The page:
PETA Sues Texas A&M to Find Out the Truth About School’s Cruel Dog Lab

Published by PETA.

This morning, PETA filed a lawsuit that seeks to compel Texas A&M University (TAMU) to release records related to its colony of dogs suffering from canine muscular dystrophy (MD), as required by the state’s public-records law.

In January, after a TAMU alum stated publicly that the MD dog laboratory would be closed, PETA submitted a request to the school for copies of communications related to its discussions about this reported closure. TAMU refused, claiming that the requested information was confidential under the Family Educational Rights and Privacy Act. PETA’s lawsuit argues that the records in question are not “student records,” which would be protected by this law, so the school must release them.

Public records are crucial to citizens’ understanding of the way their tax dollars are being used. We look forward to the court’s decision on this important case.

Just last month, we filed a federal lawsuit against TAMU—which is a public state institution—challenging its filtering of words that it doesn’t like on its official Facebook page. The filter automatically deletes visitor posts if they contain words such as “PETA,” “cruelty,” “lab,” and other terms associated with our campaign. PETA is represented by the Electronic Frontier Foundation in this First Amendment lawsuit.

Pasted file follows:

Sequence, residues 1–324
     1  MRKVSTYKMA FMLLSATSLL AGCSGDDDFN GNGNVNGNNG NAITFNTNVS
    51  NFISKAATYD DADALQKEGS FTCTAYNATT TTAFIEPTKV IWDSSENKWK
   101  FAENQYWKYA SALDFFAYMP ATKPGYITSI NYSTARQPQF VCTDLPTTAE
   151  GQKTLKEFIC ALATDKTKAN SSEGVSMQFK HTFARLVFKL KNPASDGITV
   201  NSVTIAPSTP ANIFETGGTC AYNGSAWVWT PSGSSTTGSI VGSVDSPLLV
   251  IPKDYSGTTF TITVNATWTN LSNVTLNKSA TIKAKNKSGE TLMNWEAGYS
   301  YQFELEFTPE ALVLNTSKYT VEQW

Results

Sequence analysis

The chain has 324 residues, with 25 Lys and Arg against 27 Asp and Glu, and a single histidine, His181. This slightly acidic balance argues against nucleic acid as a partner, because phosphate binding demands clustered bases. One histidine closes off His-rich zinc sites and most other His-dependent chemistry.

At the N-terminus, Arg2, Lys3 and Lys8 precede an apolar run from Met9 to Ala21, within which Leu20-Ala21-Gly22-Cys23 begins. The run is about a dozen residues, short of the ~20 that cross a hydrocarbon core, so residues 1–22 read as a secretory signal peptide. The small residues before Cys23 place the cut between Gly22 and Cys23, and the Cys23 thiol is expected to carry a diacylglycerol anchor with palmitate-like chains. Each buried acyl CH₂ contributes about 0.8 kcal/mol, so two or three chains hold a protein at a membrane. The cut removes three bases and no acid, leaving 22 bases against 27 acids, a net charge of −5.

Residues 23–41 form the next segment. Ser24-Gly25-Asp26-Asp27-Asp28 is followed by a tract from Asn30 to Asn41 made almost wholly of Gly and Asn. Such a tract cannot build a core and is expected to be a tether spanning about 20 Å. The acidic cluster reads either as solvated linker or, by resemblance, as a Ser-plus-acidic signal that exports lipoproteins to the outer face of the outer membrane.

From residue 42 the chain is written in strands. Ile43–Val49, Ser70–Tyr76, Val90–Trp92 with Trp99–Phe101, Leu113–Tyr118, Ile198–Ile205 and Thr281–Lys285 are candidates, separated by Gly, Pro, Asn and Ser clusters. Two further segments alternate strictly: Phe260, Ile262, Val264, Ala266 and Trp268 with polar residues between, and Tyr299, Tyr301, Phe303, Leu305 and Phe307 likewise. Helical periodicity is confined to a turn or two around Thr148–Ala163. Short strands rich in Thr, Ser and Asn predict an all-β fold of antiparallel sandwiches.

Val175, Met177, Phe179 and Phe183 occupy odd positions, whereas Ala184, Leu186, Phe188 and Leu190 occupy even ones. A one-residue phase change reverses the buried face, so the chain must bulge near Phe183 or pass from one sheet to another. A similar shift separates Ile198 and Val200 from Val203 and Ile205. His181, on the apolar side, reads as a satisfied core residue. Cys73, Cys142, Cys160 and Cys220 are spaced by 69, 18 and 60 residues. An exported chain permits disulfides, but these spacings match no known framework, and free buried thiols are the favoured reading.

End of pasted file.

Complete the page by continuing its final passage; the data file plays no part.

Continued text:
Urge Texas A&M to Close the Dog Laboratory

PETA has released video footage showing dogs in TAMU’s laboratory suffering from a crippling and painful form of canine MD that leaves them struggling to walk, swallow, and even breathe. Numerous people—including patients with MD, scientists, Lily Tomlin, Richard Linklater, Ryan Tannehill, and Bill Maher—have teamed up with PETA to speak out against the experiments, and you can, too. Click the button below to urge TAMU to stop funding cruel, wasteful experiments on dogs:

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“Almost all of us grew up eating meat, wearing leather, and going to circuses and zoos. We never considered the impact of these actions on the animals involved. For whatever reason, you are now asking the question: Why should animals have rights?” READ MORE

— Ingrid E. Newkirk, PETA President and co-author of Animalkind